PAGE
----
Dad calls for action against ‘car crushing’ outside Newcastle schools – a year after council pledge
A Newcastle father has called for action to finally put an end to a ‘car crash’ outside his son’s school.
Newcastle City Council announced more than a year ago that it would prevent parents from driving to pick up or drop off their children at the gates of 11 schools, in the hope of improving child safety, reduce harmful air pollution and encourage more people to walk or cycle. The ‘School Streets’ scheme would have seen vehicles blocked on roads outside schools between 8am and 9.30am and between 2.30pm and 4pm, with the scheme initially due to be introduced in the summer of 2021.
But, since the program was announced by local authorities in March last year, progress has been minimal – with only a handful of one-day trials. Kieran McSherry, whose son Leo attends Hotspur Primary School in Heaton, is growing frustrated with the delays and said ‘it doesn’t make sense for the council to talk about changing people’s habits but don’t does nothing to do so”.
Read more: Plea for Newcastle parents to ditch school cars as children pay ‘huge price’ for pollution
The 35-year-old added: ‘It’s disappointing to see there’s a jumble of cars every day taking up all the road space. There is no space if you want to cycle and it can feel quite unfriendly.
“We live in a city and in a society where the car is king, our cultural flaw is to drive from your front door to the school gates. People can’t see past that and that’s well as our roads are designed too.
“The council says they want to change that, but they don’t seem to be doing anything about it. Surely it’s not that bad to change? It simply blocks vehicles from a street a few times during the day.
Mr McSherry lives in Fenham and cycles across town to school, sometimes taking several children on a shared cargo bike with other families. The architect, who also has a one-year-old daughter, said hostile scenes of ‘parents screaming and people fighting to get into their cars’ outside Mowbray Street school mean youngsters “can’t be kids until they’re inside the school fence”.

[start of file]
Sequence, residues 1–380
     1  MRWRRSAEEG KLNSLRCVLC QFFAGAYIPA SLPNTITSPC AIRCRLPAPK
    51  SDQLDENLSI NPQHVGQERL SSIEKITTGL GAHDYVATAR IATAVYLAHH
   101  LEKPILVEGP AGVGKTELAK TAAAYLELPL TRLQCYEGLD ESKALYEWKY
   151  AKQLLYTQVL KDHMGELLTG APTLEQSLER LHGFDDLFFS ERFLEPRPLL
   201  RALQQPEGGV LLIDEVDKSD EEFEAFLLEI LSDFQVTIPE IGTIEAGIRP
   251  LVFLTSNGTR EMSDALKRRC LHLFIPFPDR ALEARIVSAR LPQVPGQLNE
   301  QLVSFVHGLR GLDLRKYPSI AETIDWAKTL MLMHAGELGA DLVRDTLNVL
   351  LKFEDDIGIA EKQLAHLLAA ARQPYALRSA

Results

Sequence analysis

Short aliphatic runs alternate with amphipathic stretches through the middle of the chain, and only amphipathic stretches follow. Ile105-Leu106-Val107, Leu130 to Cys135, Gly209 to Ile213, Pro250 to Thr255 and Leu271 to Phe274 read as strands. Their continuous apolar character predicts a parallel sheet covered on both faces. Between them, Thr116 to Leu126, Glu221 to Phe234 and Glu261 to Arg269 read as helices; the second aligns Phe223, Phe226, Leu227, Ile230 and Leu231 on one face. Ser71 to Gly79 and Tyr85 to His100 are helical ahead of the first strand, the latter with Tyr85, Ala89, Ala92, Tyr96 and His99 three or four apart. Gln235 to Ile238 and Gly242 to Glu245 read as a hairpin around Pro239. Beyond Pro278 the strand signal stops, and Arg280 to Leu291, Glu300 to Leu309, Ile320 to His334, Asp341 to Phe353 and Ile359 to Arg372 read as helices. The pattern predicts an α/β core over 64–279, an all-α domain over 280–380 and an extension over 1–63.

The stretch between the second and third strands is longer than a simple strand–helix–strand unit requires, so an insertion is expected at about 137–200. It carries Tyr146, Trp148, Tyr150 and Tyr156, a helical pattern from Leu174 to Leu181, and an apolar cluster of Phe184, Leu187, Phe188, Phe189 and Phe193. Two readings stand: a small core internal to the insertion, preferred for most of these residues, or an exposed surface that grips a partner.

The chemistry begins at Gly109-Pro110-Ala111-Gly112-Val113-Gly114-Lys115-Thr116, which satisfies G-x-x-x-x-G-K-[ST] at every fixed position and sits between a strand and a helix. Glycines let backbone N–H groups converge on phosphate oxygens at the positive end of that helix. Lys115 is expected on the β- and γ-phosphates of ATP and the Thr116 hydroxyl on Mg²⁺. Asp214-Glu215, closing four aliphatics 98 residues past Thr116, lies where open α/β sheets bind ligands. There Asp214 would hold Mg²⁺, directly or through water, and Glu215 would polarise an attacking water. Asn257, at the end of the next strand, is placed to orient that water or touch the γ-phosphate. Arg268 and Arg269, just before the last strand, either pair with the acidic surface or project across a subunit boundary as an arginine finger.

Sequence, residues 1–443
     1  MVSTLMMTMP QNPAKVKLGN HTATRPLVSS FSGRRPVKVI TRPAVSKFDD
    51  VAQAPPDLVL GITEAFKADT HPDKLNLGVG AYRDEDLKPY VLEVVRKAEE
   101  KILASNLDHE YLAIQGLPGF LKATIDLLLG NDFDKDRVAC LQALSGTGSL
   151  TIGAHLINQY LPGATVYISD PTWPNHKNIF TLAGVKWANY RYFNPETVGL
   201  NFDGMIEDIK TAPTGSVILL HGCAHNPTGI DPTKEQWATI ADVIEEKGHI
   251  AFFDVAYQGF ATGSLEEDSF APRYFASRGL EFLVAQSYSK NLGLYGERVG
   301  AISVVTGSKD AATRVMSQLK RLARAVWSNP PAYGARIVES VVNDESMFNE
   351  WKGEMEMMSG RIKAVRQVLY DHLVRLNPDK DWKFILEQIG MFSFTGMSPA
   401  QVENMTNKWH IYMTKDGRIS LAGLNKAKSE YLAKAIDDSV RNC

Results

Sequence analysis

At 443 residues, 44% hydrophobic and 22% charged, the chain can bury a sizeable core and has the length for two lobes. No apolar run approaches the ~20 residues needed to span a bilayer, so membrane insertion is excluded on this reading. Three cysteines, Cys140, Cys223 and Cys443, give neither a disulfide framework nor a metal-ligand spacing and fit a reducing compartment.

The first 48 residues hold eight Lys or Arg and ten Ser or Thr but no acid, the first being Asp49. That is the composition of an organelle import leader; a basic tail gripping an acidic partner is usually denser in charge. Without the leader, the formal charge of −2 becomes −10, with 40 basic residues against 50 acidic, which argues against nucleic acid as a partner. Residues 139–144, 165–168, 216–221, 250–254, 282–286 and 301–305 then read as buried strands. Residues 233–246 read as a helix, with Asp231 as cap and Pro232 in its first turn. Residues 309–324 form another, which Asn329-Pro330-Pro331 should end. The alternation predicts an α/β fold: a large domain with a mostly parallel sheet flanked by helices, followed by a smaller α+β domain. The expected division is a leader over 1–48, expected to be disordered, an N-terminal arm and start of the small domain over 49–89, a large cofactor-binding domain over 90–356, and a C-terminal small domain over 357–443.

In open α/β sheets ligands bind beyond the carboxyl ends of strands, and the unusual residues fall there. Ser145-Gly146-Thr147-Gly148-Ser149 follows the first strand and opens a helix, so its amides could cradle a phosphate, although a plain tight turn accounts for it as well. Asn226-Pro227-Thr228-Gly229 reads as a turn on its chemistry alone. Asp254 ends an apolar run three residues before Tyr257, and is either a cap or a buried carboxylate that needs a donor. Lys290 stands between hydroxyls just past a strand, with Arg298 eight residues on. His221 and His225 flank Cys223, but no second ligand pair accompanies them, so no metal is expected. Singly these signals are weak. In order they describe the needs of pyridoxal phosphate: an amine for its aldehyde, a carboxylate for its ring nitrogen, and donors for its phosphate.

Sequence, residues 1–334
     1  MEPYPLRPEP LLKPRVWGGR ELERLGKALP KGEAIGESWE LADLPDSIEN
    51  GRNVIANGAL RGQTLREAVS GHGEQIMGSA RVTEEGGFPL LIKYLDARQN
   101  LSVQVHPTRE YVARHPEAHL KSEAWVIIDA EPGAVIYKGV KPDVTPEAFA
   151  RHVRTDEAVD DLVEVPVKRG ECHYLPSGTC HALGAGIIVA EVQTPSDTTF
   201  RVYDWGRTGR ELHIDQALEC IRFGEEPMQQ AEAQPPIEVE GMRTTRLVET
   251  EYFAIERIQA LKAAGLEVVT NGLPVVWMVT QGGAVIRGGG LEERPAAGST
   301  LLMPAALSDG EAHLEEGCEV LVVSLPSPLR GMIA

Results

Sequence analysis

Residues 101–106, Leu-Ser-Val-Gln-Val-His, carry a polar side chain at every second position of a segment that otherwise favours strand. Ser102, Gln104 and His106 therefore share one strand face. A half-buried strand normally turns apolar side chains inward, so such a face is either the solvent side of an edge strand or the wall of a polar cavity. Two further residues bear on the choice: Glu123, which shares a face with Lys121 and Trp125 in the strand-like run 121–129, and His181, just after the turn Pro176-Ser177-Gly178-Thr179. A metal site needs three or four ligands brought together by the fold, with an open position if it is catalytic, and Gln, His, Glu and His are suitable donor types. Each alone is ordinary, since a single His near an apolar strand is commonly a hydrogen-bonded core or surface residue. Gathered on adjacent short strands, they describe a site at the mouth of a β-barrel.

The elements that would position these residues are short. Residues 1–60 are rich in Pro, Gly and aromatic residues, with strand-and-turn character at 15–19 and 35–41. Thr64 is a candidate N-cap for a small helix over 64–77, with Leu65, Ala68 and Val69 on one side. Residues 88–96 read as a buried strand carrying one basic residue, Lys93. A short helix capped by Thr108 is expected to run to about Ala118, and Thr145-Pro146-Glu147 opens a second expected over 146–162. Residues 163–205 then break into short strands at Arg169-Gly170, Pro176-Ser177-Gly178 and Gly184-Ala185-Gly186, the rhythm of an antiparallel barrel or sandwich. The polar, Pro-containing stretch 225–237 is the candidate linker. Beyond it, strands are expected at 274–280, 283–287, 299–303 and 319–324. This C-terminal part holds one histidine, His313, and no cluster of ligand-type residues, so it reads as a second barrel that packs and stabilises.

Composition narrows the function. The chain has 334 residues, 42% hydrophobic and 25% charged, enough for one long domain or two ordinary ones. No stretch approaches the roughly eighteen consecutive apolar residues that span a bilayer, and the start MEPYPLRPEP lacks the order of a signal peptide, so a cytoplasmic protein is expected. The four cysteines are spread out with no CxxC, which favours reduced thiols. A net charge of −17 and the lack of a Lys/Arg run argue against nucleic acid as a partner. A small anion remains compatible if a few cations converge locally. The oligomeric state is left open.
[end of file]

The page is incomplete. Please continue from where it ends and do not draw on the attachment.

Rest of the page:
Other primary schools included in the initial list of 11 were Ravenswood, Chillingham Road, Grange Park, Kingston Park, Dame Allan’s, Sacred Heart, Broadwood, Lemington Riverside, Farne and Westgate Hill. The city council has not given a new target date for the introduction of all school streets.
A spokesperson said: “Since announcing our intention to set up School Streets last year, we have worked directly with the schools we had identified as a first phase of the program. One of the most important things about delivering this program is working with people who might be affected and listening to their concerns so we can address them.
“A member of our team regularly visits schools and works with teachers, young people and those who live nearby to help understand the impacts and how we can promote and manage school streets, or even where they might not be. the right solution at this point in time.We have also undertaken school street trials at a number of locations.
“We were waiting for the government to formally transfer some enforcement powers to local authorities and fund such measures, which we are happy to see has now been brought forward. Many schools have told us they would like to see these powers in place alongside the implementation of programs to help keep students safe.
“Hotspur Primary School pupils are currently leading the way in our Big Walk and Wheel competition, with nearly two-thirds of active trips. This is a competition we run with schools that have signed up across the city and complements the ongoing work we are doing with the city’s Promise Board, which represents all of the city’s trusted schools. , to propose a common approach to improving the safety and sustainability of school operations.